Touchdown at the OK Corral: A case study

As he turned to pick the football from the air, Doug Stevenson reflected on the day's events. He had brought his sales managers to this Wyoming dude ranch to help them refocus after an exceptionally bad quarter.

The 10,000 acre spread had begun life as a hobby ranch for an East Coast management consultant. His income had declined as his telecom customers had imploded, one by one.

Looking for some extra revenue, he opened his eighteen bedroom ranch to Fortune 500 management teams looking for a little direction and a few days away from the grind.

Together, the consultant and the salesmen had drilled down to some core objectives, identifying accounts with greater potential for growth, and those needing pruning.

That all changed as Stevenson planted his foot in the loose gravel. A pull, then a twinge, finally searing pain: he dropped to the ground with a torn MCL. As the sales managers rushed to help their fallen leader, Ranch Director Clark Griswold had greater worries on his mind: he hadn't paid the liability insurance premiums in months, and his only ranch hand with first-aid training had quit.

It only got worse: the ranch 4x4 was down with a broken axle, and a late summer rainstorm had made the road into town impassable.

Clark had been the original employee at the ranch: he had arrived to build a new 8 car garage, and stayed on as the business grew. He proved an able manager, a smooth trade show worker, gifted with event promotions and an aptitude for customer service.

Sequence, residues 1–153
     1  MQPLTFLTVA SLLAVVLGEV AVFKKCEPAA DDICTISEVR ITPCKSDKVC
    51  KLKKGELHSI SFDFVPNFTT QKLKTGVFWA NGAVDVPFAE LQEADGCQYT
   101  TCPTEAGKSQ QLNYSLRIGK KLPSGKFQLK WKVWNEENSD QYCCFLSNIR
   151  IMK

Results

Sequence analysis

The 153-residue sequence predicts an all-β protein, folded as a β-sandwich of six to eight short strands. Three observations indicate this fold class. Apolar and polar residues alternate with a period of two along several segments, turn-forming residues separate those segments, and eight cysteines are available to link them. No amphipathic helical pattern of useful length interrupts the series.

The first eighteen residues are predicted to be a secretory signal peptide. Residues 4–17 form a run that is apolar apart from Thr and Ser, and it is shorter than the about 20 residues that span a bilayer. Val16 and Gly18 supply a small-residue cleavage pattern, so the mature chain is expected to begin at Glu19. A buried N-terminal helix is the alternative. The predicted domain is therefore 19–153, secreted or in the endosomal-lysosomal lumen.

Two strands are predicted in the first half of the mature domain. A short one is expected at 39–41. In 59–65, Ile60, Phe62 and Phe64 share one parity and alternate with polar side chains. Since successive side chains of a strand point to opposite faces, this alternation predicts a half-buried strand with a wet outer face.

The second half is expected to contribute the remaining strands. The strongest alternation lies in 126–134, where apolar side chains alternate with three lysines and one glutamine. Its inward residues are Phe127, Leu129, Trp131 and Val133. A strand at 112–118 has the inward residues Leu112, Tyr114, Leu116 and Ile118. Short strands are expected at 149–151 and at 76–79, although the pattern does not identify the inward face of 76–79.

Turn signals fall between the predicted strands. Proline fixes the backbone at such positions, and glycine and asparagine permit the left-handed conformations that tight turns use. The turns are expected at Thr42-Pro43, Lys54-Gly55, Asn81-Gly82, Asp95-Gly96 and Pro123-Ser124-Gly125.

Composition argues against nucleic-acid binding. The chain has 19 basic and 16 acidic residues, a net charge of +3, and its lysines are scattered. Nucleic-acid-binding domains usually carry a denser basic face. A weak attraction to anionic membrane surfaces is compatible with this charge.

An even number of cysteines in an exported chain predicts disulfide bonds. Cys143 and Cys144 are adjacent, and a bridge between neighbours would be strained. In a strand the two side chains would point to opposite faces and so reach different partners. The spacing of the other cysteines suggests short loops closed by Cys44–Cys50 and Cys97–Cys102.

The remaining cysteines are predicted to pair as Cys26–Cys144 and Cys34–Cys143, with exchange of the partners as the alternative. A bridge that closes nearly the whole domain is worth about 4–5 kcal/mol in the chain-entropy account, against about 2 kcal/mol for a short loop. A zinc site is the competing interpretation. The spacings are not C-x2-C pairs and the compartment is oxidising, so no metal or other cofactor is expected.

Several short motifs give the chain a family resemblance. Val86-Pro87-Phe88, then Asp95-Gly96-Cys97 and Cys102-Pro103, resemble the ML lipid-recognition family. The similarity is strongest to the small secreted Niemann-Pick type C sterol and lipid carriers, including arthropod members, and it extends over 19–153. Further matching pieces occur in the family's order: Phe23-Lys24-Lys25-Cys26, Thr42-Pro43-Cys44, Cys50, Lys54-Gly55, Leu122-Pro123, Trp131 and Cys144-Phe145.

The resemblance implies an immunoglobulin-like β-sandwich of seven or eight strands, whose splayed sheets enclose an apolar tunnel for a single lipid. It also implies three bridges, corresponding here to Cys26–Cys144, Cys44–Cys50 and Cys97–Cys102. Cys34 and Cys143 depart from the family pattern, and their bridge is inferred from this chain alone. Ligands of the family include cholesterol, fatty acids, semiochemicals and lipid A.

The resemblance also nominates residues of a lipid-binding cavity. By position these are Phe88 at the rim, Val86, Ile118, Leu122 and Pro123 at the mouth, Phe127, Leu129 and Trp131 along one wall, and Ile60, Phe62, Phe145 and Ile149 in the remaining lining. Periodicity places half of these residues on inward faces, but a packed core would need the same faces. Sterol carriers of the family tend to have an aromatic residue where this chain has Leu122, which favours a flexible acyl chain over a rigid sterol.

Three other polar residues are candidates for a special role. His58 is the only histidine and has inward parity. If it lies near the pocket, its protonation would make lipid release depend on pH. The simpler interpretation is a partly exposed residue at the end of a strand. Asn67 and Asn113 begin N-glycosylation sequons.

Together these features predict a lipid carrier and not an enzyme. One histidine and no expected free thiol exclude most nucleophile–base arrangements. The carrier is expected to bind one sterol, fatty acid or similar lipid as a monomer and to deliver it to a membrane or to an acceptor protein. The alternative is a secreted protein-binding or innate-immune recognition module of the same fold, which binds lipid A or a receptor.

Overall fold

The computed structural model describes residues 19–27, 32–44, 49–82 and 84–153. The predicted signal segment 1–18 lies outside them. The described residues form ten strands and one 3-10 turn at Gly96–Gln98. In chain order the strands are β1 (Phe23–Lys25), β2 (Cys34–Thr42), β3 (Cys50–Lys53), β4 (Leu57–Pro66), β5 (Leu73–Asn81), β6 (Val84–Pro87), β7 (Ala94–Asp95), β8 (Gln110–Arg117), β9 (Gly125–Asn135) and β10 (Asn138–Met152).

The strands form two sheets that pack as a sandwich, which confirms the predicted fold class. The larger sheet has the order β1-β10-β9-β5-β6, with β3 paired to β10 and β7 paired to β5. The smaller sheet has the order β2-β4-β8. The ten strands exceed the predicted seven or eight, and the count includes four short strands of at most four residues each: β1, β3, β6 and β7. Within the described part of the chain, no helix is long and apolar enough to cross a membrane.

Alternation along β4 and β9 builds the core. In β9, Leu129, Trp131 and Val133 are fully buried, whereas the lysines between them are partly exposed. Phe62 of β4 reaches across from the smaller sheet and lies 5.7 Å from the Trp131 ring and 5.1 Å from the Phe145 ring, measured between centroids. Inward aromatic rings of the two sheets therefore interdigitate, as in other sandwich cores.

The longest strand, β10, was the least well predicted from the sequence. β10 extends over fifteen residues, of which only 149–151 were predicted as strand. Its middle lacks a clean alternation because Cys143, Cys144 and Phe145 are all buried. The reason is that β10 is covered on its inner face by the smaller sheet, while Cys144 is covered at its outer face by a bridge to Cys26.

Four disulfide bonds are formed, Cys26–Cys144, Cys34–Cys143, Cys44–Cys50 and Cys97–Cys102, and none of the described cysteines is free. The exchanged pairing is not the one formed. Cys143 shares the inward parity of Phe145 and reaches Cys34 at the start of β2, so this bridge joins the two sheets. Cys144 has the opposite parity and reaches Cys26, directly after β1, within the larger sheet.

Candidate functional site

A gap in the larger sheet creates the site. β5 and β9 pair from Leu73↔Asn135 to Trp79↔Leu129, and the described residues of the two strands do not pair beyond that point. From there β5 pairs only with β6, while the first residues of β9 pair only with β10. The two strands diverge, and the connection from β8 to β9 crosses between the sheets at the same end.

Unfortunately, he was not a well-rounded communicator. The only crisis plan currently in place dealt with fire emergencies and been prepared after a hefty fine was threatened by the county fire inspector.

There were many problems facing Clark:

  • the existing marketing and promotion activities largely depended upon word-of-mouth communication and the owner's good reputation - a crisis might undermine the whole business plan
  • the poor handling of this crisis might prompt existing bookings by high-end meeting planners and executives to drop off
  • camp management hadn't discussed covering extraordinary costs - like emergency medical airlift - which now posed an immediate budget problem
  • the short range radio system hadn't been designed for so many conversations, sometimes rendering it useless. It now prevented Clark from calling the other campers back to the ranchhouse
  • a small Western town in late spring wasn't used to airlifts and fancy Eastern executives. The injury and outsized medical attention would be making the state news that night
  • a lawsuit was likely - the wrong steps or comments at the outset could affect any settlement

    What do you think the ranch's next step should be?

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